Google's English translation - looks a little rough!


Status symbol for shooting

Owning a gun just is not enough for many Americans. You want to wear them openly on the streets, in cafés, at the stadium. Provocative move these days, why hordes of armed gun enthusiasts across the cities. by Leonie Seifert, New York

Mike Stollenwerk like weapons. Three pistols and a pike for the ex-soldier called his own, and when he goes into town, then everyone can see that here was a man comes along who knows how to defend themselves. For Stollenwerk carries his weapons openly with him - when he goes shopping, to the library or the council meeting. The law in his native Virginia allowed him that, but not every U.S. state is so liberal. Stollenwerk, and thus has a problem.

The 46-year-old horse breeder and a law student who founded the Open Carry organization that seeks to enforce in all U.S. states the right to walk around openly armed, as once in the Wild West. "It is much safer to show the weapons when they bear in secret," says Stollenwerk. From a due "coming out of America's Arms" says his movement, which now counts 27,000 members.

These days, many of them run provocatively with guns on a belt through the cities - as a show of force against Barack Obama. Stubbornly keeps the rumor that the President wants to tighten the gun laws. Anxious to protect faltered after the election of their arsenals, however, happened: nothing. On the contrary, many states have relaxed the rules. 43 of them allow the public carrying of weapons. In Virginia, where three years ago killed 33 people in a rampage at the Technical University, we may soon buy more than one gun per month. In Wyoming and Arizona will fall firearms license requirement.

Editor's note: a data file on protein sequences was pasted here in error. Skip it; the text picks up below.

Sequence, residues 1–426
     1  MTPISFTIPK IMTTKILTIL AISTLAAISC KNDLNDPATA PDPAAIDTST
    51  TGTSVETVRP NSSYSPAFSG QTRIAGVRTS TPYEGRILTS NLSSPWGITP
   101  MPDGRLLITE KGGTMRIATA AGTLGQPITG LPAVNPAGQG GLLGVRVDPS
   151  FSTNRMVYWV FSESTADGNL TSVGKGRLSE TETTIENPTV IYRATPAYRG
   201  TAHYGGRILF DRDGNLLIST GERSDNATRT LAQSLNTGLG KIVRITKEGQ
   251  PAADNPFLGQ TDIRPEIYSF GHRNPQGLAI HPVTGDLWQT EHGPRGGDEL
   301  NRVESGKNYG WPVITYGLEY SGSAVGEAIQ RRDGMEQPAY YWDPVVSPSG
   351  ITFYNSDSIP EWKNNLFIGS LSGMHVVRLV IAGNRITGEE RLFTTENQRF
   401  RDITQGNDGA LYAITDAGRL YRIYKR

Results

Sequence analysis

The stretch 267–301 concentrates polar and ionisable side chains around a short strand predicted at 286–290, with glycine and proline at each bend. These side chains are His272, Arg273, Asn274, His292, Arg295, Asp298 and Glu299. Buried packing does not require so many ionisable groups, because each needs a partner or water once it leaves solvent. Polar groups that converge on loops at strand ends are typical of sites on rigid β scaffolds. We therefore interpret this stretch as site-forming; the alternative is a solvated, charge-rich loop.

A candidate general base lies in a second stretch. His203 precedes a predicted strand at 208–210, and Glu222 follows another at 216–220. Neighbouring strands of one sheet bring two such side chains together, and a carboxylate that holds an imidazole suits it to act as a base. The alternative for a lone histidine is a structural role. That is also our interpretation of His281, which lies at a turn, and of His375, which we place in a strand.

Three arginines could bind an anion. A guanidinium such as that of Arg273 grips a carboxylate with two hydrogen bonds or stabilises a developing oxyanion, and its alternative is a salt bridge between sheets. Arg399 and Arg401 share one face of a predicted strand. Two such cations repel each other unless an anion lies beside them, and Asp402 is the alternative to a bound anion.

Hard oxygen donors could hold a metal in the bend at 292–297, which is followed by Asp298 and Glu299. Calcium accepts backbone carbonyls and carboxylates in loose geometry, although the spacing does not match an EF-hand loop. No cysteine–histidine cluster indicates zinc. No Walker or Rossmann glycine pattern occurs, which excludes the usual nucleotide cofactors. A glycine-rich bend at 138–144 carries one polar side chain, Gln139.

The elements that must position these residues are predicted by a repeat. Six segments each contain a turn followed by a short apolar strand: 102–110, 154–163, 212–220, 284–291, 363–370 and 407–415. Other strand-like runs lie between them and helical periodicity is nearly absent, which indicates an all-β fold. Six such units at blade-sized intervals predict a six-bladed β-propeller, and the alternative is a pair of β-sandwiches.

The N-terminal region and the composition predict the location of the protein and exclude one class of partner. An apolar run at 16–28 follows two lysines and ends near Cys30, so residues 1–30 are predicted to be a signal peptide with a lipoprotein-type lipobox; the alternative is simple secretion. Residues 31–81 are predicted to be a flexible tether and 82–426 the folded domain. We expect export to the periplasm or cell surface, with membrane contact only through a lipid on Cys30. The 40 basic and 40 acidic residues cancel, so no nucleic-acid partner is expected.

"Even if Obama wanted to enforce stricter controls, he would never get through Congress," even said Mike Stollenwerk. Nevertheless, open-carry draw members of armed gangs by public bodies to turn into restaurants and cafes. Their goal: live out the new rights in public, they perpetuate and expand.

Most of the missionaries to fly out on edge. "We do not want to frighten children and parents have in our restaurant," says a spokesman for the California Pizza Kitchen chain. Starbucks sees it differently: there is also served on the Magnum coffee and pastries. "We accept the local laws that allow states to bear arms in public," the coffee chain in a statement.

Clients such as Rebecca Fitch, from Cupertino, California, scared das The 26-year-old was sitting with her son and two friends having coffee, when five armed men came in. Her son immediately began to cry. "We thought, this is a robbery, we scared to death," says the young mother. "I did not know that not even need a license for it. This is really dangerous." Fitch and her friends are now gone.

When the country's largest gun lobby, the powerful National Rifle Association (NRA), you do not want to comment on the action. "The actions of the NRA Open Carry could backfire," said Robert Weisberg, weapons law expert and professor of criminal law at the University of Stanford. The anti-weapons group Brady Campaign has collected signatures against Starbucks. "What's the point to take weapons into the café to do Where will this lead?" Asks spokesman Paul Helmke.

Open carry makes on undeterred and has also been a Märytyrerin: The 30-year-old Melanie Hain became an icon when it flew open because of their worn pistol out of the stadium, where their daughter played soccer. A month later she was dead - shot by the jealous Eheman with their own weapon, which he had taken from her backpack. Hain had taken the gun with him, so the logic of open carry, they were still alive.